Monday, 14 December 2015

Bad news, bears: Yellowstone grizzlies poised to lose protection from hunting

Leaked letter points to plan to remove park’s grizzly bear population from endangered species list, where it was placed in 1975


Tuesday 8 December 2015 17.46 GMTLast modified on Tuesday 8 December 201521.16 GMT

State and federal wildlife officials are set to strip grizzly bears of their protection from hunting around Yellowstone national park, with a plan that would remove one of the species’ last populations from the endangered species list.

A leaked letter from Dan Ashe, director of the US Fish and Wildlife Service, to state officials notes there is a “mutually understood process that will allow the Service to proceed with a proposed delisting” for grizzly bears in the Yellowstone region.

Yellowstone grizzlies were placed on the federal endangered species list in 1975, at a time when the population had declined to 136. It has now rebounded to between 674 and 839 in counts taken last year, with occupied habitat increasing by more than 50%.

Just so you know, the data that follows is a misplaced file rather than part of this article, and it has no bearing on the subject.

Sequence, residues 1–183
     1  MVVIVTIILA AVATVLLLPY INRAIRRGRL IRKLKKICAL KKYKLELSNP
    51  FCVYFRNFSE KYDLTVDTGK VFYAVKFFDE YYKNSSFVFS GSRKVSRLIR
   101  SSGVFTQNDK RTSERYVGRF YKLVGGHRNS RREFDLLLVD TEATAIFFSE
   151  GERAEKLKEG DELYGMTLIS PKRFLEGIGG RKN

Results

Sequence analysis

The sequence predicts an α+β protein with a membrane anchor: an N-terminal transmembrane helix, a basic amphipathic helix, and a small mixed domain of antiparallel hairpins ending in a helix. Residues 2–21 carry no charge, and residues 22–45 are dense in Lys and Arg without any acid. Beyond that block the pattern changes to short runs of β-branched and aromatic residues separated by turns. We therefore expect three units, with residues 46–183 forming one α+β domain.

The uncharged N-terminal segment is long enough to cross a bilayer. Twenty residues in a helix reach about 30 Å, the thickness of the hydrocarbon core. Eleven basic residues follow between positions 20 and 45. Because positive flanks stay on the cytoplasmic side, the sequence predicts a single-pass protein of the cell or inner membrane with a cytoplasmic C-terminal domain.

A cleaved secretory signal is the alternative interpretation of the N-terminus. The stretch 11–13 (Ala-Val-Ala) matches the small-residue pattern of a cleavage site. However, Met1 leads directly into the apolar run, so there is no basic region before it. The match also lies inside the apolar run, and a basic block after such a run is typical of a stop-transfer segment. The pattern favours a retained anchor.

This recovery has led to calls from Idaho,Montana and Wyoming – the states that contain and surround Yellowstone – to remove the bears from Endangered Species Act protections.

Under a plan being considered by the FWS, the bears would be delisted under a number of conditions, including that numbers not be allowed to fall below 600 “unless necessary to address human safety issues”. Allowed mortality rates for the bears would be increased as their numbers grow, with up to 10% of adult females and 22% of adult males allowed to be killed via hunting and other methods if the population exceeds 747.

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